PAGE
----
I don't think people realise how physically demanding cycling can be, say a road ride, race or mountainbike race.
Whilst the peole I asked said that you have to be supremely fit to be a top cyclist, they do not believe that you need to be strong.
"I ride my bike to work 5 days a week, how hard can a race be?"
yes, you ride perhaps 3 miles a day, at slightly faster than walking pace, there's a BIG difference.

Finally there is the word itself "cycling", I think people object to being called a "cyclist", to them being a "cyclist" means putting on the helmet and lycra (read: not masculine) , where as they would say they "just ride a bike".
Ok, so they are "bikers" right? well, no. It seems "bikers" are those who ride motorcycles (motorcyclists), and whilst big motorbikes are a source of much testosterone fuelled fun, there is something about men in leathers that is almost as bad as men in lycra.


What's going on? Is cycling really thought of as being a bit....less masculine than other sports???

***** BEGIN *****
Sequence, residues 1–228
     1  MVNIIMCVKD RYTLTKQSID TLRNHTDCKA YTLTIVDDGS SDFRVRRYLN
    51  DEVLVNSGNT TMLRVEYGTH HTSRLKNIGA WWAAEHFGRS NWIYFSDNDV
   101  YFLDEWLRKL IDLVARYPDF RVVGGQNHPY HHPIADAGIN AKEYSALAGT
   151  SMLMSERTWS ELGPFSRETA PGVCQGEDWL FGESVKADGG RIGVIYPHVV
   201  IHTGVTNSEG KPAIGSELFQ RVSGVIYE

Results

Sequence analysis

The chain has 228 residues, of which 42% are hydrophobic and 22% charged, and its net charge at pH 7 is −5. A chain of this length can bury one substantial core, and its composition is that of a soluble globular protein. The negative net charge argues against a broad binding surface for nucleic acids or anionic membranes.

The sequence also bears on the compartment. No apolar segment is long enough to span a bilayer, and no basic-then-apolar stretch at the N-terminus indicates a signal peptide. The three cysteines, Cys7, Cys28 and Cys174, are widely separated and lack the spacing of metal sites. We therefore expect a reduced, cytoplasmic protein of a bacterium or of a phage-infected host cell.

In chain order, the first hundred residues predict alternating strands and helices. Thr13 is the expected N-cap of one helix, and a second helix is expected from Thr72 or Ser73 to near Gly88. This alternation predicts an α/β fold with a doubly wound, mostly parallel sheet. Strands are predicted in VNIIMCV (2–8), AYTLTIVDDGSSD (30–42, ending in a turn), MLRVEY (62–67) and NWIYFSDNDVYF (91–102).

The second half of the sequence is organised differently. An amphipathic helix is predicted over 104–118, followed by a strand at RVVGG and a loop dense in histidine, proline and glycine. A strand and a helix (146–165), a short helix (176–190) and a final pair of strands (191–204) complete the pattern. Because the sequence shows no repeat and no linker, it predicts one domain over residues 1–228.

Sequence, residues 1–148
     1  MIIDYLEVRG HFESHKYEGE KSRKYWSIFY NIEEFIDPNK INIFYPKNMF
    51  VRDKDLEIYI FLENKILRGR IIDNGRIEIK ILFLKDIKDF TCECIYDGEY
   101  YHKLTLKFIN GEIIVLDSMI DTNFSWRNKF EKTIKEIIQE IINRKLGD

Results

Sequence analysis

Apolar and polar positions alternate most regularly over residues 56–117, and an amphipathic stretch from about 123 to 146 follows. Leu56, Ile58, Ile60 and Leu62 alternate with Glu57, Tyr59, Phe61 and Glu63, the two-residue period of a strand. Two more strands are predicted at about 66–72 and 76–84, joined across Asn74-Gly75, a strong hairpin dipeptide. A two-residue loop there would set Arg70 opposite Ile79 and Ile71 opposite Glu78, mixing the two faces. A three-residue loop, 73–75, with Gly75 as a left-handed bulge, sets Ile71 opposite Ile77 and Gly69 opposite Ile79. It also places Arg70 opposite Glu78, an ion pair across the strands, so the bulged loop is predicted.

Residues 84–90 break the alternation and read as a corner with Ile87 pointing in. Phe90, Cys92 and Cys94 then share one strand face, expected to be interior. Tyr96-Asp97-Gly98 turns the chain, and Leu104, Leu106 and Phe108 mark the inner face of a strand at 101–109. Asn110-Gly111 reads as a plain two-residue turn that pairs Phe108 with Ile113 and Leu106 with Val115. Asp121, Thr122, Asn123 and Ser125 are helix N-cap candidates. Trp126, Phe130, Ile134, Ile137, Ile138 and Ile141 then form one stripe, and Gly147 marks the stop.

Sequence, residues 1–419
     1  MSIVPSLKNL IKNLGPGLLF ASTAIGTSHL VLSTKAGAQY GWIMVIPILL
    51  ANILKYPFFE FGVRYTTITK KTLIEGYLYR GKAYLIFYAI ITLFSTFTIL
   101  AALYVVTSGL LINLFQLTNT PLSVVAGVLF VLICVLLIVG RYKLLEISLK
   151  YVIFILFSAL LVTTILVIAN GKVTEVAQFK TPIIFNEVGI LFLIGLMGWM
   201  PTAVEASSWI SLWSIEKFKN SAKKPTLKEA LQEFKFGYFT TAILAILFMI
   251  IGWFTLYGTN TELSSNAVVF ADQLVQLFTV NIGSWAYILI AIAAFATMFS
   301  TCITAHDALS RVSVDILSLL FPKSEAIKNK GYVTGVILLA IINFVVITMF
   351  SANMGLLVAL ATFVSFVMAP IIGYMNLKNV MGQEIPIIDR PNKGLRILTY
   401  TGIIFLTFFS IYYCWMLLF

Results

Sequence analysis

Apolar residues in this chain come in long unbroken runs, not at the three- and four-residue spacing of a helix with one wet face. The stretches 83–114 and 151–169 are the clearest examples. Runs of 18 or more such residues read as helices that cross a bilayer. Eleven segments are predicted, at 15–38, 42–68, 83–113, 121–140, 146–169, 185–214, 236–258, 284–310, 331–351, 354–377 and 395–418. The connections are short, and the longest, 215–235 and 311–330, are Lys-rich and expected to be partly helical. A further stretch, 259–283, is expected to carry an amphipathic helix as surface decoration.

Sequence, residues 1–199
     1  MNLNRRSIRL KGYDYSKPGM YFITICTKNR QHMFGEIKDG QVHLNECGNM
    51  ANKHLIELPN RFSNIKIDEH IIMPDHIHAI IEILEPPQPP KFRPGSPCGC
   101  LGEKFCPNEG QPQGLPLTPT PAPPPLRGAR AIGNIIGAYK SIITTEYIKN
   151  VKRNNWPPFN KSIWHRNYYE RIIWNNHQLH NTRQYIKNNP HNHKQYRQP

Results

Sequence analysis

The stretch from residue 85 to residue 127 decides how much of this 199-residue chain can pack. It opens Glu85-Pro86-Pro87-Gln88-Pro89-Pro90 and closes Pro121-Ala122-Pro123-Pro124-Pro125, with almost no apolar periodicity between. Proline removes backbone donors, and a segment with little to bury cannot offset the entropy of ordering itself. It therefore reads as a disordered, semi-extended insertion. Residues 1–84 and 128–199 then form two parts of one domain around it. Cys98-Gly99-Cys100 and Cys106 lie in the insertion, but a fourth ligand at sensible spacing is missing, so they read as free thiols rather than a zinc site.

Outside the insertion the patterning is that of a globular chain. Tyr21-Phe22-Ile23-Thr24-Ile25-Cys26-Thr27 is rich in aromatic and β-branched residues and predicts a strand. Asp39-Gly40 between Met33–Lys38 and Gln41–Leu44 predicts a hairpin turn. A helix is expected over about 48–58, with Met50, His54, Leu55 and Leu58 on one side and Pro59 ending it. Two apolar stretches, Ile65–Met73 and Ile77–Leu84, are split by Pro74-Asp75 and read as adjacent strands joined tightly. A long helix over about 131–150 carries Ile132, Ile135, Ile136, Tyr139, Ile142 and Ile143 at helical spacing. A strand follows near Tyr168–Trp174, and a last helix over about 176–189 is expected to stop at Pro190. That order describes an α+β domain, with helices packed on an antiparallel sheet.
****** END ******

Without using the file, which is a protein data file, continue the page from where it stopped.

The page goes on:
Interestingly, a lot of the people I know who are "down" on cycling class "going to the gym" as their favourite sport, I wasn't aware it was a sport??! :lol:


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 Post subject:
PostPosted: Sun Jul 22, 2012 10:57 am 
Special Retro Guru
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I've never worried about cycling being cool / uncool, trendy, or passe.

I've been cycling for decades, and hope to for decades more. What other people, or society in general, think or feel about it is a huge irrelevance, really.

I mean some may look for affirmation, empathy or acceptance - but at the end of the day, people (en masse) are idiots - so who cares, really, as to what pleases them?